A new misnomer has tunneled into our vocabulary. What we once called the problem of crime has been renamed “The Incarceration Problem” by neo-reformers who seek reduce the prison population using early release, lighter sentences, or no sentence at all. Yet their nearsighted view focuses only on the effect, while failing to address the obvious cause: crime. Furthermore, the entire argument cannot withstand the test of reason, as it is built on three baseless assumptions: 1) convicts are unfairly incarcerated; 2) incarceration fails to make the public safer, and 3) incarceration should prioritize rehabilitation over justice.
In order for modern prison reformers to justify their push for lighter sentences or early release, they must believe that convicts do not deserve their sentences. Yet in America, a person is not imprisoned without reason. If a suspect pleads innocent, he receives a fair trial, and only receives a prison sentence according to the due process of the judicial system. If prison reform advocates deem this unfair, perhaps they have forgotten that the U.S. court system is one of the only institutions on earth that presumes a person innocent until proven guilty by a jury of his peers. The commitment to impartial treatment of the facts, and the due process of arriving at a verdict sets our system apart from other countries.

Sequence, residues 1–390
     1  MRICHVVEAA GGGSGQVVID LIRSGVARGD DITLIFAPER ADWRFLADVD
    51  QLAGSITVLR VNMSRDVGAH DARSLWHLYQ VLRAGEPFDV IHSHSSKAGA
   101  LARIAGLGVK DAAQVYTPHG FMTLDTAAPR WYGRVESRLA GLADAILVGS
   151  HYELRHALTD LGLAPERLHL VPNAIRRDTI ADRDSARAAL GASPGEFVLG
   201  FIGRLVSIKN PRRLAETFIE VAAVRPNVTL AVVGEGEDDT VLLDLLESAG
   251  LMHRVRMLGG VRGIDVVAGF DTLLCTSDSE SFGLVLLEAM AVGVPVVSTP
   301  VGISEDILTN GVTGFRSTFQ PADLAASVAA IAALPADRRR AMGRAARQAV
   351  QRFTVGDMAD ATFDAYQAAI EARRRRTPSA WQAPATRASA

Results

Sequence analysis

Secondly, some who represent incarceration as the problem assume that imprisoning convicts does not contribute to public safety. Some argue that incarcerated juveniles are more likely to become violent, while others insist that incarceration fails to deter future criminal acts. Following this assumption’s reasoning, criminals should roam free, unchecked by the law. Yet, failure to enforce the law only encourages crime and endangers the public even more. At the very least, a convict cannot further harm the public while behind bars.
Thirdly, neo-reformers assume that incarceration should focus on rehabilitation, not justice. Herein lies a problem that contradicts our nation’s core principles. By placing justice on the backburner, we violate one of the values that make America great. Of course we should motivate convicts to change their lifestyle, but we must not forget what put them in prison. Criminal acts not only violate victims; they offend our nation’s law and order and thereby merit punishment according to the due process of the court system. Turning prisons into nothing more than revolving door therapy centers will provide little deterrence towards crime, completely neglecting justice.
“The Incarceration Problem” phenomenon is gaining momentum. But before hopping on the bandwagon, we must evaluate the substance of its assumptions. Under close inspection, the foundation crumbles. It blames the cough for the pneumonia; it fails to recognize incarceration as a mere effect of the real cause, the problem of crime. Until neo-reformers can put forth some arguments based in fact, we must reject their assumptions as yet another emotional attempt to sway our thinking and undermine our nation’s core principles.
Shiloh Carozza is a Senior at Rockford High School and a published finalist of the Advance Newspaper Essay Contest. She is a member of the National Honor Society and has served as President of the Excelsior Club and on Student Council. She is an alumnus of the Cornerstone Journalism Institute and the Student Statesmanship Institute’s Legislative and Judicial tracks. She is concurrently enrolled at Ferris State University.